Turn the clock back 40 years, give or take, and I was among those—intruders, though surely someone had permission, anyone? anyone?—who roamed the corridors of what was then a derelict house, the satin sofas white sheeted for the winter, the beds made up, the portraits hung undusted, the library untouched, the fireplaces swept and long cold. Like Goldilocks, we went from room to room, trying out the furniture. Look at this! Oh my God: come look! And when we reached the upstairs bedroom tiled with the blue-and-white Delft, someone struck a match and some inhaled.

Ten years passed, and there I was again. Invited.

This time the old place was going through a renovation and a friend was hired to revamp the inn. I heard lots about fabrics and pound cake, menus and organic cheeses, linens and wallpaper. And in time, the place sparkling, the doors were opened to the paying guests. It was way too pricey for my crowd, but I did change clothes in a bedroom once when I served as a bridesmaid to that friend who had picked the paint colors and the accent pillows.

Twenty more years later, my friend lost her cushy job, and the marriage was over as well, but the inn continued to flourish.

And last week, with the formal dining room now turned into a restaurant, I was there again for the first time in ages, eating brunch on a sunny terrace.

It was a fine time, a fine meal, and it’d be churlish to suggest otherwise, but it held a hollow note. For this writer, this intruder of yore, this voyeur of the middle years, something was missing.

Gone was the process—the firecracker time of transformation, flashlights in the dark, stubbing toes, possibilities unfolding, stunning discoveries, everything still fluid, nothing completely decided, daring still possible, dreams still nascent, still on the ascent, so much that could still happen.

Looking for your beating heart?  Seek discovery. Seek process. Seek the doing. The eggs were good, sure, but it’s the getting here that mattered. It’s the finding out, and not what you find.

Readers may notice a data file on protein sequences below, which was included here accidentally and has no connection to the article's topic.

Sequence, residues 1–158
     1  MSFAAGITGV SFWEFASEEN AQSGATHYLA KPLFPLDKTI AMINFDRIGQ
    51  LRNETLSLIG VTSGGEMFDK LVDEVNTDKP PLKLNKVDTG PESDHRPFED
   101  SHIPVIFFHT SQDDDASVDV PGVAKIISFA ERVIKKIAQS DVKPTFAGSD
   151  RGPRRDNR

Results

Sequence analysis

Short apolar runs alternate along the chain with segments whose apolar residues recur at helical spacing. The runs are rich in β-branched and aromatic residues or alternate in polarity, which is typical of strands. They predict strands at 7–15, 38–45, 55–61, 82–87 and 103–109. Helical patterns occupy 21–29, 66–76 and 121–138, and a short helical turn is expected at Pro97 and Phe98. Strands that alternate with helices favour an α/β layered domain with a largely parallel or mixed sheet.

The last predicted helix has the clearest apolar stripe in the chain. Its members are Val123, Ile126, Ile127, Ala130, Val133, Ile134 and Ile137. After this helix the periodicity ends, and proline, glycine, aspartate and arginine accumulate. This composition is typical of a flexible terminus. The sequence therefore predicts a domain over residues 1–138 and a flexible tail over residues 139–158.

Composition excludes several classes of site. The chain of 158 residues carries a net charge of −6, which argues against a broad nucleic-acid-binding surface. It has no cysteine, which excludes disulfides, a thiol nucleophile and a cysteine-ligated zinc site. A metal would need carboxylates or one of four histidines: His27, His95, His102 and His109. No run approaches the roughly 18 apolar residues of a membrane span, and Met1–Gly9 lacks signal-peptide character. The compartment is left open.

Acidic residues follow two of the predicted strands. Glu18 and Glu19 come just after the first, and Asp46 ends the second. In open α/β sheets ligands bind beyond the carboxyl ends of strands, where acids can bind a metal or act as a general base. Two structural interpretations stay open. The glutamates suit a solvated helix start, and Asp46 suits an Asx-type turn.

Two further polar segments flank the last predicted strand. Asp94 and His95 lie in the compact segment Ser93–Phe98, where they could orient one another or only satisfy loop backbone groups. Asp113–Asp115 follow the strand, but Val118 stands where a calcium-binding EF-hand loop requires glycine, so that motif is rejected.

Comments welcome and edited to include first names only, and website, if provided; never your email. Photo credits by Armando Torrealba.

The Writer and Obsession

Here is a measure of my personal experience with obsession: once with a man, once with a story, three times involving children, once involving a sibling.

There are five things I can tell you for sure about obsession.

1. It can be fatal. That’s the nature of obsession. It consumes you.

2. It’s not a quick death. Three of my obsessions continue and have endured for decades.

3. No one around you will ever really understand. They may have their own obsessions. Or they may be the kind of people for whom obsession has no place in the pantheon of emotion. You’re on your own with obsession. It’s a deeply personal affair.

4. It is also, make no mistake, a crazy thing—agony and ecstasy whipped together.  Get the juices of desire running and a typhoon blows through your life.

Now, does your writing—maybe not the kind that pays the bills or answers to the client, but the kind that is closest to you; the kind that is you—consume you like this?

The sheer act of it, perhaps? Or a great line, or a scene rendered perfectly? Or are you obsessed with what you think you can get out of it, immortality say, or justice, or beauty?

You won’t find me encouraging obsession or equating it willy-nilly with the production of good work. You can make a hash out of anything, obsessed or not.

But, if you are obsessed or obsessive by nature, one more thing is for certain: let’s hope it’s about your work, or your work will suffer.

Because obsession is total. It owns your heart and mind completely. And whatever is not the subject of your desire becomes relegated to the category of loveless labors. Just make sure your work doesn’t end up here, and you’re good.

Comments welcome and edited to include first names only, and website, if provided; never your email. Photo credits: two-faced figure by Shaun Wong; frustrated guy by Xpecto.